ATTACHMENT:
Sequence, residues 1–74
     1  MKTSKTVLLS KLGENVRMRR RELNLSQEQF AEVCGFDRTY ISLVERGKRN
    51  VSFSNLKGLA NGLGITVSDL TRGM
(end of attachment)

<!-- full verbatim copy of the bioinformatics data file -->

Sequence, residues 1–74
     1  MKTSKTVLLS KLGENVRMRR RELNLSQEQF AEVCGFDRTY ISLVERGKRN
    51  VSFSNLKGLA NGLGITVSDL TRGM